The next day the farmer went to the lake once more, and sat down by the margin in the hope of seeing the beautiful damsel again, but for a long time there was no sign of her. To beguile the tedium of waiting, he took out of his pocket some apples of rare and delicious quality which had been given to him by a neighbour, and began to munch one of them. Suddenly the lady appeared in all her dazzling beauty almost close to him, and begged him to throw her one of his apples. "If you want an apple you must fetch it yourself," said the farmer, and he held out the tempting morsel, exhibiting its beautiful red and green sides. Upon this she came up quite close, and as she took the apple from his left hand, he seized tight hold of her with his right and held her fast. She screamed at the top of her voice, and an old man, with a long white beard and a wreath of water-lilies, appeared out of the midst of the lake. "Oh, mortal, what wouldest thou with my daughter?" he asked of the farmer. The farmer said that he would break his heart unless the nymph of the lake consented to be his wife. After much pleading the father agreed to the union on one condition, which was that the young man should not strike his wife with clay. The wedding took place at once, and the couple lived together in the greatest happiness.

One day the wife expressed a desire for some of those same delicious apples with which the farmer had tempted her out of the lake. Off went the husband to the neighbour who grew them, and brought back not only some apples, but a beautiful young sapling, bearing the same apple, as a present from their friend. This they at once proceeded to set, he digging and she holding the tree until the hole should be deep enough to plant it in. "It is deep enough now," said the farmer, and for luck he threw out the last spadeful of clay over his shoulder. He did not look which way he threw it, and it fell right against the breast of his wife. She no sooner received the blow than she cried with a great and exceeding bitter cry. "Fare thee well, dear husband," she said, and ran into the lake and disappeared beneath the smooth and glassy waters.

Ian Topham's picture
Ian Topham
User offline. Last seen 6 hours 51 min ago. Offline
Joined: 22 Jul 2008
Re: Llyn Coch (Red Lake)

'The Bride from the Red Lake' as it appears in 'The Welsh Fairy Book' by W. Jenkyn Thomas (1908)

A FARMER was one misty day fishing in Llyn Coch, the Red Lake, in the Forest of Snowdon. A sudden gust of wind cleared a road through the grey vapour that hung over the lake, and revealed a little man standing on a ladder and busily engaged in thatching a stack. The stack and ladder rested on the surface of the lake. In a few minutes the vision faded away, and there was nothing but rippling water to be seen in the place where the hay and thatcher had been observed.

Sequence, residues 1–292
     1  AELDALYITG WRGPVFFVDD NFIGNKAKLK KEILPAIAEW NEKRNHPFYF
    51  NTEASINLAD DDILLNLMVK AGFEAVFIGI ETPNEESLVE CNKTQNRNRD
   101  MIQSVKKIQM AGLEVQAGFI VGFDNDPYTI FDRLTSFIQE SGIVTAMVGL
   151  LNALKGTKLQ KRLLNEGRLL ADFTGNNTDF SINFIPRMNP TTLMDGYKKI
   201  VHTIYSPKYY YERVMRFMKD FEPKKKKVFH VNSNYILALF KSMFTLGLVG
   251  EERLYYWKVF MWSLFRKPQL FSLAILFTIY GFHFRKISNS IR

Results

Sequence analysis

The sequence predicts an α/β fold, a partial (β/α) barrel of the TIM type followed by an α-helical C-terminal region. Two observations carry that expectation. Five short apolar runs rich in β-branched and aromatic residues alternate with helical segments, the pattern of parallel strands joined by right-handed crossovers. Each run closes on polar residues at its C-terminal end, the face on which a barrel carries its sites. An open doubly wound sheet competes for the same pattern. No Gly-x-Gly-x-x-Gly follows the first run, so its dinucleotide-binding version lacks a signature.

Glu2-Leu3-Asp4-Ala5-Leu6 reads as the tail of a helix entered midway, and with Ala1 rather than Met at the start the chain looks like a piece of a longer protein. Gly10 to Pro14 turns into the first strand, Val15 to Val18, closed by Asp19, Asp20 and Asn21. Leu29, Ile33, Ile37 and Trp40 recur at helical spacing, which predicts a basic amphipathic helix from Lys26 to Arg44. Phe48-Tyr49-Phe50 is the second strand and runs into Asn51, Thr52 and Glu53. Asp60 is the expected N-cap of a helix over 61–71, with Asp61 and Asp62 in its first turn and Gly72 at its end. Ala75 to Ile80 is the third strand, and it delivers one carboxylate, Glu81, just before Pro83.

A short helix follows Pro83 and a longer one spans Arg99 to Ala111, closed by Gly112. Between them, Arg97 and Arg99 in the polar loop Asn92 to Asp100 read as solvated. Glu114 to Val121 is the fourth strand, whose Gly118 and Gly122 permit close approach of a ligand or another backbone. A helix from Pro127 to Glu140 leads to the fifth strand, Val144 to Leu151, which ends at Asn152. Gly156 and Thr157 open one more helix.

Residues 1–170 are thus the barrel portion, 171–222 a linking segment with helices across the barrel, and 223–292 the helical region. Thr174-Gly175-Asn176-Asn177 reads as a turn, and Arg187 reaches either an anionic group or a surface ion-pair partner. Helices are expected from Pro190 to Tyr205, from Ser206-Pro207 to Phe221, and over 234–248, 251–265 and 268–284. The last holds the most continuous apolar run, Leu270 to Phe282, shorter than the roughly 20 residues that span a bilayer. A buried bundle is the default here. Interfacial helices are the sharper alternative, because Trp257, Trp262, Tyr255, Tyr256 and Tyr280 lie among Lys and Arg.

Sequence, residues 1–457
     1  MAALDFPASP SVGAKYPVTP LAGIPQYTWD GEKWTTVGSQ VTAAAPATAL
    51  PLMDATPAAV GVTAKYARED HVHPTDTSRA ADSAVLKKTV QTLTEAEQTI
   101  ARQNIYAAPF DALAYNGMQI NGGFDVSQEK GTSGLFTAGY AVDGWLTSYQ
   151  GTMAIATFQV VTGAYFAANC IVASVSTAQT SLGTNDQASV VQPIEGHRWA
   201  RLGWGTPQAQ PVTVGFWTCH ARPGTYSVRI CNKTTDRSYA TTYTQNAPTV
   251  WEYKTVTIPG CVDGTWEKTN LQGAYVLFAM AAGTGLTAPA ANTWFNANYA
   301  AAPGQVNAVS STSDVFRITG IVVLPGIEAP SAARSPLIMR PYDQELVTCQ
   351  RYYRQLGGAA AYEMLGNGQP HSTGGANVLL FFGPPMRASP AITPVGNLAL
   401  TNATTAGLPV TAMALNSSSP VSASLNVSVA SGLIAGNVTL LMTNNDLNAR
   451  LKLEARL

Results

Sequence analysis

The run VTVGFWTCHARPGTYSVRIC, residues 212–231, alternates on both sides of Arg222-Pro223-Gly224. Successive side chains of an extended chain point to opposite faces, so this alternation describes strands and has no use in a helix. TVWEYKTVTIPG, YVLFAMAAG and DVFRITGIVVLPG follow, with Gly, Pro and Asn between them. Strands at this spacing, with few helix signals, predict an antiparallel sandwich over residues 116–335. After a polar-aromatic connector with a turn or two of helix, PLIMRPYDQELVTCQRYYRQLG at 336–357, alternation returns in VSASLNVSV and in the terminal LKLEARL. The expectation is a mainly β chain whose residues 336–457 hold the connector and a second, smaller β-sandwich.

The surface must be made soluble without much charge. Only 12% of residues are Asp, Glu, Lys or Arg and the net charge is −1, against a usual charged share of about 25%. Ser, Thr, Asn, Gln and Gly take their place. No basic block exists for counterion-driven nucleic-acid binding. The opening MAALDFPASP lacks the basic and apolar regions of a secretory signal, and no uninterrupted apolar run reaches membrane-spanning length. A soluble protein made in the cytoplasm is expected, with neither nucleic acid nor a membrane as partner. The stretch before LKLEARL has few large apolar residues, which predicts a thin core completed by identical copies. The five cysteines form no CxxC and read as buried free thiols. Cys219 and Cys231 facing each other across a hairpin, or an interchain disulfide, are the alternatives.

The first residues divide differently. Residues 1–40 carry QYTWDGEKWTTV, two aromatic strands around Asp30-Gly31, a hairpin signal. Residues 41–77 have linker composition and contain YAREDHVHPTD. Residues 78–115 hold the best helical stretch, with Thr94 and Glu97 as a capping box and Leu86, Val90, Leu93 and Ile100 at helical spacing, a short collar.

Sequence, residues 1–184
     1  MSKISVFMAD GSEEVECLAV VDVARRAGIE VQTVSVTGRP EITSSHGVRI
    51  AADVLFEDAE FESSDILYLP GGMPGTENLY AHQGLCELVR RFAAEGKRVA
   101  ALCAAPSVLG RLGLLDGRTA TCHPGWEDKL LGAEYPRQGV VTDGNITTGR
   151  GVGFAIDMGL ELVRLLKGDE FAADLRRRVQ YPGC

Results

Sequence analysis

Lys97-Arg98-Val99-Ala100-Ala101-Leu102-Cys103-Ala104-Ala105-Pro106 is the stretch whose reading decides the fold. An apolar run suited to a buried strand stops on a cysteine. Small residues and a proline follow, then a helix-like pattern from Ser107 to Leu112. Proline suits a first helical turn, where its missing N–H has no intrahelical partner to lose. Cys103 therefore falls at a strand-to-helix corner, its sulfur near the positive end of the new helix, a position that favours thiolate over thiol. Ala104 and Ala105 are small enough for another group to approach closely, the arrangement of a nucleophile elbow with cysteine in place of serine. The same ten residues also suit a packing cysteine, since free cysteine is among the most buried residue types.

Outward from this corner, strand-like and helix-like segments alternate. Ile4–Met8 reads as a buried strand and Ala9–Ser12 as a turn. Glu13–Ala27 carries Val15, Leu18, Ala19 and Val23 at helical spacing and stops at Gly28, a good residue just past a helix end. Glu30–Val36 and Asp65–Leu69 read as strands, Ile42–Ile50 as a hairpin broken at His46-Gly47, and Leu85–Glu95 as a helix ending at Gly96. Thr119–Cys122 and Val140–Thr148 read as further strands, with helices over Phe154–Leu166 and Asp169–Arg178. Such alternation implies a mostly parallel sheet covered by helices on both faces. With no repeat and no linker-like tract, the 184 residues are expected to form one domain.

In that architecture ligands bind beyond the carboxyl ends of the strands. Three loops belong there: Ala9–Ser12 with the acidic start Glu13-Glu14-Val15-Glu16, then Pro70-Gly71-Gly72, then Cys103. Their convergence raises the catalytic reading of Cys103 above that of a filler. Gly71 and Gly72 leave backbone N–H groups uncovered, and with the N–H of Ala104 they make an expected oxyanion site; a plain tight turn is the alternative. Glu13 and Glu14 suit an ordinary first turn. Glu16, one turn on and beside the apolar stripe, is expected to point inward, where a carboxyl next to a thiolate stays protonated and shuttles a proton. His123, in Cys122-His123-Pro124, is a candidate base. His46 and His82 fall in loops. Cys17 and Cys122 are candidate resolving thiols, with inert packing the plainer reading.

After this the farmer often used to visit the lake, but he saw nothing remarkable until one hot day in autumn, when riding by the lake he took his horse into the water to drink. While the animal was slaking its thirst he was looking idly at the ripples, when to his intense astonishment he became aware of a most lovely face just beneath the surface a little distance from him, looking up at him. As he gazed bewildered, the head and shoulders which belonged to the face emerged from the water. He leaped from his horse and rushed towards the damsel; when he got there the vision had vanished, but it instantly reappeared in another part of the lake. Again he rushed towards it, and again it disappeared. This happened a third time, and a fourth time, and a fifth, after which the farmer gave up the chase and went disconsolately home.

The next day the farmer went to the lake once more, and sat down by the margin in the hope of seeing the beautiful damsel again, but for a long time there was no sign of her. To beguile the tedium of waiting, he took out of his pocket some apples of rare and delicious quality which had been given to him by a neighbour, and began to munch one of them. Suddenly the lady appeared in all her dazzling beauty almost close to him, and begged him to throw her one of his apples. "If you want an apple you must fetch it yourself," said the farmer, and he held out the tempting morsel, exhibiting its beautiful red and green sides. Upon this she came up quite close, and as she took the apple from his left hand, he seized tight hold of her with his right and held her fast. She screamed at the top of her voice, and an old man, with a long white beard and a wreath of water-lilies, appeared out of the midst of the lake. "Oh, mortal, what wouldest thou with my daughter?" he asked of the farmer. The farmer said that he would break his heart unless the nymph of the lake consented to be his wife. After much pleading the father agreed to the union on one condition, which was that the young man should not strike his wife with clay. The wedding took place at once, and the couple lived together in the greatest happiness.

One day the wife expressed a desire for some of those same delicious apples with which the farmer had tempted her out of the lake. Off went the husband to the neighbour who grew them, and brought back not only some apples, but a beautiful young sapling, bearing the same apple, as a present from their friend. This they at once proceeded to set, he digging and she holding the tree until the hole should be deep enough to plant it in. "It is deep enough now," said the farmer, and for luck he threw out the last spadeful of clay over his shoulder. He did not look which way he threw it, and it fell right against the breast of his wife. She no sooner received the blow than she cried with a great and exceeding bitter cry. "Fare thee well, dear husband," she said, and ran into the lake and disappeared beneath the smooth and glassy waters.